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Monday, May 30, 2011

Half-masted, and there's a woman in the girls' bathroom

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I've added these pics from our drive into town where we saw this.
It looks as though the top of the spruce tree
was broken off by wind and fell on the flag
that was up for Memorial Day, 
then the treetop was blown up against the house.
I'd say both the flag pole and the tree are "half-masted".



Power winds of 80 mph tore 100-year-old maple trees out of the ground or broke them at the base last evening while we were shopping at Trader Joe's an hour from home. The drive home was safe, but the fields, driveways and roads were littered with fifty-foot trees and branches. Anxiety built as we approached the farm, wondering what we would find. But thankfully just one maple branch lay on the driveway, and sticks around the yard.

Power is out, however, until late Wednesday Thursday, because apparently a power station was hit. So we have to find alternate ways to wash (we have a well, which uses an electric pump), cook and power up devices like cell phones, laptops and the internet air card. The bottom photo is where I took a sponge bath and washed my hair this morning after working at home in the garden and getting dirt in my finger and toenails: the girls' bathroom at Don's elementary school.

The happy list:
  • No one in the state of Michigan was seriously injured in this rush of storms, though around 100,000 homes are without power.
  • Our home was not damaged, and there was little to clean up.
  • Having laptops so we could get online last evening and find out the estimated time to power restoration and be in touch with family and friends.
  • Being clean and getting my hair washed before going back to work tomorrow (today's a holiday here: Memorial Day, a memorable one).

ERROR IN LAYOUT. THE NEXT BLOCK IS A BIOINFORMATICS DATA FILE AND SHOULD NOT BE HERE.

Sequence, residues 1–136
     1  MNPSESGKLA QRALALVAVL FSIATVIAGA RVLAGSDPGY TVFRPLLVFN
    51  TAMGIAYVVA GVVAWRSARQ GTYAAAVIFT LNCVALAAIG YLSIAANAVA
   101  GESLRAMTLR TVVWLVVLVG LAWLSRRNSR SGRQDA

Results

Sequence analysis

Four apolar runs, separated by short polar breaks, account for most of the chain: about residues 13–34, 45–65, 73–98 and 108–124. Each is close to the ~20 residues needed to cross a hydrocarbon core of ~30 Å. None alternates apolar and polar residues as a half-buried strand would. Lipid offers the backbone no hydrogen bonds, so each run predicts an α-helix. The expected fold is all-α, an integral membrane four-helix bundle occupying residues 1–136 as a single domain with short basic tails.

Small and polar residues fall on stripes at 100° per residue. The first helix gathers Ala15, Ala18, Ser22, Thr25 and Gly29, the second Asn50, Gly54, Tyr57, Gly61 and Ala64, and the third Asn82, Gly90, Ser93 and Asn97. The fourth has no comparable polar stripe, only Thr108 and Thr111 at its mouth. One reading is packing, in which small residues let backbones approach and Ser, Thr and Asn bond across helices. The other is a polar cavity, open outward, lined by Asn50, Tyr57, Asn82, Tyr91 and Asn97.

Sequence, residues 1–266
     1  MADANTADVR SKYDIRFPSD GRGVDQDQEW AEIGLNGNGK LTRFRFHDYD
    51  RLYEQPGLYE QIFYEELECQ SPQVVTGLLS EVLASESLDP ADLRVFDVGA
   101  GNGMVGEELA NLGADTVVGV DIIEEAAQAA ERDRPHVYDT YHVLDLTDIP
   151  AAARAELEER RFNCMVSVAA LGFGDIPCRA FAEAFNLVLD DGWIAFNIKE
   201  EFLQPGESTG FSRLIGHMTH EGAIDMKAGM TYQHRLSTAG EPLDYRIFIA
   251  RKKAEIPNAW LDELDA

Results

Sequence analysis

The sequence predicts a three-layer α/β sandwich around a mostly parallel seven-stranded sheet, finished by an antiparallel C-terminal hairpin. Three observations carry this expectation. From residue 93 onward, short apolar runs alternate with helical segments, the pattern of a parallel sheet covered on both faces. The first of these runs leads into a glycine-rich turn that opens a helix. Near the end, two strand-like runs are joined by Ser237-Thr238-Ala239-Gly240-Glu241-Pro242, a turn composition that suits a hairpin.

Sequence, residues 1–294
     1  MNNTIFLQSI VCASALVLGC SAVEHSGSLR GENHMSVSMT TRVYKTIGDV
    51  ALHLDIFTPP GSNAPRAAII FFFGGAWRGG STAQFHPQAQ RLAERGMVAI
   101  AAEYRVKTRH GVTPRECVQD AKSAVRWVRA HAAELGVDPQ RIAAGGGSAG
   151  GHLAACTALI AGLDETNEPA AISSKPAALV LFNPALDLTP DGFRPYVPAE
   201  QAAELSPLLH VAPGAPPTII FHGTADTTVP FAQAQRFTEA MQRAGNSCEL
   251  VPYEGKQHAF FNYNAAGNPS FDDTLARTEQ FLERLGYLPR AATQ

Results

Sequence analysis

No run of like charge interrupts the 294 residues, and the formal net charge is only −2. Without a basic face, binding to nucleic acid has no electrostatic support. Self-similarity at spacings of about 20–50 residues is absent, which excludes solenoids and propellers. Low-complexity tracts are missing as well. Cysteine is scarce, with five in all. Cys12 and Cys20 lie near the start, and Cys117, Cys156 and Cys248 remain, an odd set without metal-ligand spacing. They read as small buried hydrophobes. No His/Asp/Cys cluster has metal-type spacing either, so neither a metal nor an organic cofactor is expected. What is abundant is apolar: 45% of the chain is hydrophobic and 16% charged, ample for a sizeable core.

• There's power at work (yes, this is good, there is much to catch up on after spring term).
  • It's finally getting warm today, in fact HOT, around 90°F (32°C), but ha, no AC
  • Peter and Andrea are coming over to play corn hole to celebrate the holiday this afternoon, and they're bringing sushi; beer is chilling on ice in the cooler at home while I finish up this post at a fourth grader's desk.
  • A camp stove with propane gas for meals the next couple of days.
  • No doubt more will float in on the hot breeze . . . 

I hope you are safe and enjoying Memorial Day if you are in the U.S., and a normal Monday everywhere else.
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    66 comments:

    Maureen said...

    Wishing everyone there a quick restoration of power.

    Friko said...

    Glad you and everybody else are safe.

    Apart from that, have an adventure!

    We are far too spoilt by our convenient lives, it does us no harm to be reminded occasionally of how things might be very different.

    California Girl said...

    You're blessed. A few days w/o power will be Like a camping trip.

    Terresa said...

    Trader Joe's - I love that store! Went there just the other day for their dark chocolate cookies (forget the name but my tub is almost gone!!).

    It's been windy as the dickens lately here too, every end of May/beginning of June the plague of wind hits us, and hard. (sigh)

    Happy Memorial Day, we're celebrating that here in addition to other events, all good.

    The Bug said...

    I'm glad you're well & safe. We had large hail last week, but only lost power for a couple of hours & had minimal damage to our house. Definitely thankful.

    hedgewitch said...

    There's nothing like being without power to make you appreciate technology. Hope your holiday is nonetheless enjoyable, as it sounds to be.

    The Solitary Walker said...

    Fancy, till now the only storm we'd heard about over here was Cheryl Cole being ousted from the X Factor ...

    Cooking by camping stove! Cool.

    who said...

    You might have to wait for your neighbors to help you remove the logs that fell from the tree breaking in the wind. If you don't get enough friends to help you will just end up wasting an eternity trying, but getting nothing done which is effectively stopping the clock that measures time spent being productive.